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An Exhibition Where Every Opinion Matters
At the Art Gallery of Ontario's annual photography prize, four artists compete for your vote.
At the Art Gallery of Ontario’s annual photography prize, four artists compete for your vote.
The AIMIA/AGO Photography Prize makes a critic out of all who enter. Throughout the Art Gallery of Ontario’s annual exhibition, touchscreen monitors encourage visitors to vote for the “artist whose works speaks to you.” Handed the role of juror, viewers interact with the exhibition with a critic’s eye, forming their own responses and judgments, and assessing the work through aesthetic, concept, or both. The four finalists this year—Raymond Boisjoly, Taisuke Koyama, Liz Johnson Artur, and Hank Willis Thomas, who share an interdisciplinary approach—have already been vetted in two rounds in a nomination process led by the AGO’s photography curator Sophie Hackett.
By asking the audience to vote, the prize pits each artist against one another, resulting in four separate mini-shows rather than one unified exhibition. The transition between each artist’s area, or between each separate show, is signified by a small video screen with headphones where an “expert”—the director of a science museum, a talk show host, a curator—campaigns for why you should vote for a certain artist. These acts of rhetorical persuasion, along with the voting screens and wall text, however, are the only hints that this is not a typical museum exhibition.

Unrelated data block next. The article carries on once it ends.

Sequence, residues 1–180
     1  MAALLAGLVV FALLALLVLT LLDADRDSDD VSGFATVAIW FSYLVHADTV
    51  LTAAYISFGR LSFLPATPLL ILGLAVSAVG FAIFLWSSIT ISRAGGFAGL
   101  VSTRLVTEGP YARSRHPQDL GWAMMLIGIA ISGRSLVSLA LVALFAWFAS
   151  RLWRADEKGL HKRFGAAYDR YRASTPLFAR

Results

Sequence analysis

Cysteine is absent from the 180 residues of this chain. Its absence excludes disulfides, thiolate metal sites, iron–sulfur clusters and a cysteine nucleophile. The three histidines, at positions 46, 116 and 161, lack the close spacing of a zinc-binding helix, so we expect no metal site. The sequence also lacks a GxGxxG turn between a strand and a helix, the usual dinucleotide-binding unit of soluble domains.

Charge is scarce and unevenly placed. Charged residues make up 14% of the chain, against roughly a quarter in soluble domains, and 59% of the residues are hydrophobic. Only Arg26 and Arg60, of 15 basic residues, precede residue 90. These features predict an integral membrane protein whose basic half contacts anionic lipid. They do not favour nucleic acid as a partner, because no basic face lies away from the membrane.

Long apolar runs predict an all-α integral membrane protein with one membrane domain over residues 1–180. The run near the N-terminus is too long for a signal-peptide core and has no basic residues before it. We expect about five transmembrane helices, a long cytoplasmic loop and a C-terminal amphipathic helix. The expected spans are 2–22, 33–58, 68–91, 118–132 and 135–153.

The first mini-show is Raymond Boisjoly’s installation of large-scale photographs, From age to age, as its shape slowly unravelled (2015). Printed on vinyl and placed directly on the wall, the images become part of the cavernous room. The photographs, which range from life-size to larger-than-life, often require a tilt of the head to view in their entirety. To create this series, Boisjoly scanned Statues Also Die (1953)—an anticolonial French film by Chris Marker, Alain Resnais, and Ghislain Cloquet—while it played on his iPhone and iPad. As Boisjoly explains in a statement, “the distortions in the images result from the scanner’s inability to fix the film’s movement.” By replicating the repulsion of movement inherent in daguerreotypes, Boisjoly’s hypercontemporary images recreate technical pitfalls that existed more than a century ago.